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Iceland's Secret Waves

Last winter, London based photographer Tom Cockram went in search of Iceland's secret waves. Joining him was Icelandic native and true cold water surfer Ingo, who led the way to their icy valhalla. With Finisterre kit in tow, Tom and Ingo captured the magic of this once untouched landscape live in technicolour. We caught up with them both off the back of their trip and recent film. 

Iceland - once an untouched landscape, mysterious to the fairer weather adventurers - has become a destination for travellers and cold water surfers alike. With more and more flights being scheduled to Reykjavik and the eco-tourism industry booming - what makes Iceland so special for the kind of exploration and discovery touched upon in Secret Waves? 

TC: For me, the diversity in the landscape in Iceland is like no other. There are snow capped mountains next to huge sprawling bays, and tiny ragged coves near barren expanses of flatlands - the colours and shapes in this range of landscapes make it a really inspiring place to be. Even though there is a huge tourism industry present, there is a great sense of space and the beauty of the raw nature is overwhelming. Plus, one trip is never enough; the sheer scale of the island means that the more places you visit in Iceland, the more you realise there is still to discover. 

Friendships are forged and solidified on surf trips, and the relationship between videographer and surfer is pretty key to capturing the magic. Having not known each other very well, how did that dynamic work? 

TC: We were on the same page from day one really. We had a few conversations before we flew out there, sharing storyboards and ideas, and his passion really came through. Ingo knew exactly what we were looking for and where to find it with his experience and knowledge from running Arctic Surfers, even if it meant driving from one side of the island to the other. 

The project really became a huge road trip, five of us squeezed into a 4x4 chasing waves. We just had a good laugh. 

IO: Part of what I do for work is reading people, there is a psychology to my line of work -  we need to make sure that people we bring on tour know and can handle what they are getting themselves into. 

With Tom Cockram and his crew we hit it off pretty well. We had some phone/skype conversations before their visit and they agreed to our terms when it came to filming and showcasing Iceland and its surf. For me it’s important that people hear the real story and understand what our conditions are like. There is not pumping surf in Iceland every day or week but good waves can be scored when you travel with locals who have been scouting out our cost lines and mastering the weather for the last 10-20 years. 

Subject to the wind and the weather - what were you guys up to on your downtime?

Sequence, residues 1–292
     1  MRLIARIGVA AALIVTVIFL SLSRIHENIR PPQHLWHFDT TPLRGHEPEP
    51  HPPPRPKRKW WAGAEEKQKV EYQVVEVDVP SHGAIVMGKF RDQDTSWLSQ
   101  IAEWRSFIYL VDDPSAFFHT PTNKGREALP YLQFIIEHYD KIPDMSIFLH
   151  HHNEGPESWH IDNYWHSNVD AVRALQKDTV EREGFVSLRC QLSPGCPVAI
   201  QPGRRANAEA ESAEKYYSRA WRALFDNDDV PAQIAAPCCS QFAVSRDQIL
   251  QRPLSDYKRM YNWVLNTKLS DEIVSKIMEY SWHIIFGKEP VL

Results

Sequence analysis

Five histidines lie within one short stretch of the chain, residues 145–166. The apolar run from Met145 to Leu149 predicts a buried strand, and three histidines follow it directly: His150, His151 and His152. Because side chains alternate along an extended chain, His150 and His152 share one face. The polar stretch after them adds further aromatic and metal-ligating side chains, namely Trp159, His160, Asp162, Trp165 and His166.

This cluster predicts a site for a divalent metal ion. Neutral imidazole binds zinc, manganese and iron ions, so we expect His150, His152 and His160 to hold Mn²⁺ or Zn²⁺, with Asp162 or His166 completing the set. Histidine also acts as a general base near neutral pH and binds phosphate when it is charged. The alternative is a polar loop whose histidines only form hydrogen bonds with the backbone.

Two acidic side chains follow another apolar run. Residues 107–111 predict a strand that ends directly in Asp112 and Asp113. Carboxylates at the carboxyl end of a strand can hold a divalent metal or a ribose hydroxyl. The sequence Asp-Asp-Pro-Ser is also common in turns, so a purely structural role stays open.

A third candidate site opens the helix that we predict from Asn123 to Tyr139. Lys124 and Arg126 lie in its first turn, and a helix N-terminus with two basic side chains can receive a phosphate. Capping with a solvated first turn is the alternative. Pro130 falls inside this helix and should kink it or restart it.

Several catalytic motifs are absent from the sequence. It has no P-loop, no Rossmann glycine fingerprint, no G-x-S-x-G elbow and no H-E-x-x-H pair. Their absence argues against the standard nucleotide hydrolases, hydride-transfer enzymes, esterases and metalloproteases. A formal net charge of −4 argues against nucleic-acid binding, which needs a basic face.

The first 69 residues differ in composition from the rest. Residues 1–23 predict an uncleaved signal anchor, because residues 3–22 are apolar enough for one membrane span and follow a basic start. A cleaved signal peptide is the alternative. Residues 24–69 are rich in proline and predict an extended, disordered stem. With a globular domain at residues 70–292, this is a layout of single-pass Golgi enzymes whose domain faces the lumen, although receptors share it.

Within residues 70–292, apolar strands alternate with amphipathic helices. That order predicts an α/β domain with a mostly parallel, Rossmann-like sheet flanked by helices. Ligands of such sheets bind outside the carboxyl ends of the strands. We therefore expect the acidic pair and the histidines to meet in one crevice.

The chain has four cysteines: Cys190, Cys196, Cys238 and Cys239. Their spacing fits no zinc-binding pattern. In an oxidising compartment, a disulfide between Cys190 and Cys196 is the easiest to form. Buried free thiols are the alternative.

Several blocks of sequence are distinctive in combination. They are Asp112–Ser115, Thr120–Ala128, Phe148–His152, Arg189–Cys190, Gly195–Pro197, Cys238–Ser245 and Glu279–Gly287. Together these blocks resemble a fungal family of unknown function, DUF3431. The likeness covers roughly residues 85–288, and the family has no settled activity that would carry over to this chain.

TC: Going in spring we were quite lucky with the weather and with extended daylight hours, so we could all surf even after a long day of filming. On the last day we started surfing at 1am! 

IO: Traveling between locations, sight seeing, enjoying local food, music and culture, other activities and many other things. We always have a jammed packed schedule when our guest travel with us. Our main problem was that there were way too many things to see and visit and we were never able to cover it all in 5-6 days.   


Given accessibility, how much more room do you see for cold water exploration? 

TC: There still such a lot to discover with cold water surfing. In Iceland due to its coastline shape there are still lots of new spots to find that are difficult to reach and large parts of the island are still relatively untouched. 

IO: There’s still a lot to explore and places to visit...... It is just not easy and can be quite demanding.  Some of our future missions in Iceland will require us to have access to plains, helicopters, boats, snowmobiles and jet skies.  

Iceland Kit Essentials 

Do you want to continue making films focused on surf exploration in these outermost regions? Where will your passion take you next?   

TC: I enjoy making work about adventure and peoples unique stories and I think this goes hand in hand with surfing in extreme places. There's a huge list of places I want to explore, some involving surf and some not. But I do always find when working with new ideas that I am drawn back to the ocean.

From Taylor Steele’s Proximity to Jack Johns’ Far North - there’s no shortage of amazing photographers and filmmakers out there. Where does your inspiration come from when shooting surf? 

TC: This is my first film piece as a director so most of my influences are photographers. But I remember watching Edges of Sanity by Chris McClean and loved the rawness of the landscape and the reality depicted of cold water surfing. Also books like Slow is Fast by Dan Malloy, Kanoa Zimmerman and Kellen Keene and The Fisherman’s Son by Chris Malloy have beautiful photography of real stories around adventure and surf.

Directed by Tom Cockram
Featuring Ingo Olsen
DOP - Jack Reynolds
Art Director - Stephen Owen
Editor - Keith Motram
Camera Assistant - Graham Smout
Grading - Oisín O'Driscoll
Sound Mix - Chris Banks
Soundtrack - British Sea Power

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